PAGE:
…the Science and Technology Committee have (on the basis of their own assumptions) understated their evidential arguments, by ignoring mechanistic evidence for whether homeopathic treatments are effective

    What mechanistic evidence? Either it is a placebo and does as well as any sugar pill or it isn’t….

  14. says

    It’s not usual to state what subject a doctorate is in, in the UK, but I always thought the university deparment/subject had to be specified on the title page. If only so they could wheel out the right Dean for the graduation ceremony. Evidently no more, at least in Nottingham.
    I think, though, that we can conclude that it wasn’t in a scientific discipline – else where are the Materials and Methods? More to the point, where are the experiments?
    There are, however, plenty of clues that it’s a heap of postmodernist relativistic claptrap, for instance:
    1) His supervisors are both sociologists
    2) He’s published part of it in Biology and Philosophy which “Answers the need for meta-theoretical analysis, of the very nature of biology, as well as of its social implications”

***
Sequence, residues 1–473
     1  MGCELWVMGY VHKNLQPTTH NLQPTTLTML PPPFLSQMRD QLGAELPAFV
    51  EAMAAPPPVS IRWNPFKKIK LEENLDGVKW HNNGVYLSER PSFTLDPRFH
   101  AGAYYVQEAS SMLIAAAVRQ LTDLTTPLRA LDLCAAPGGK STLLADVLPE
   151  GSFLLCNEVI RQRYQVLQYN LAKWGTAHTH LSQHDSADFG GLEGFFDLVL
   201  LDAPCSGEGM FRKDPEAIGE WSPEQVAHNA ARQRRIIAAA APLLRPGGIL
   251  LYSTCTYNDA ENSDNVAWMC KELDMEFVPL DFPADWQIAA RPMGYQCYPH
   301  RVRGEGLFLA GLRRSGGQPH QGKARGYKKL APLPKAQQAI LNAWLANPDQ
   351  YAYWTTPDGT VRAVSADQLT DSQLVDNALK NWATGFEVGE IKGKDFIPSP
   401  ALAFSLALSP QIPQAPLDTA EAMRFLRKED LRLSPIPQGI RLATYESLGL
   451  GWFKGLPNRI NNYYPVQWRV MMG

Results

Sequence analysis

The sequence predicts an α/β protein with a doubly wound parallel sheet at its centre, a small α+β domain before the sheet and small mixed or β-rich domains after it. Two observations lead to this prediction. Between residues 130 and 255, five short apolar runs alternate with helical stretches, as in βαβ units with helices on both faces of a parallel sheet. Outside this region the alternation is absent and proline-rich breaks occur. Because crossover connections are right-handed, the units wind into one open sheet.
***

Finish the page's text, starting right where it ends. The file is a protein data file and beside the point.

…need I go on?

    True, there’s a promising-looking graph on p115, plotting “stress” against dilution. However, it turns out to be about how well different papers agree with each other – still not an experiment in sight.
    Quite worthy of a Steve Fuller, I fancy.

  15. says

    Oh and dynamized… Two points – what the fuck is a UK student doing adding bloody Zeds in! I’d fail him on that alone… But might be unfair given he is referring to this -> http://www.angelfire.com/mb2/quinine/dynamization.html

    For treatment Hahnemann used as a rule high potencies which he achieved by diluting thirty times and than by dynamizing with exact number of shakings.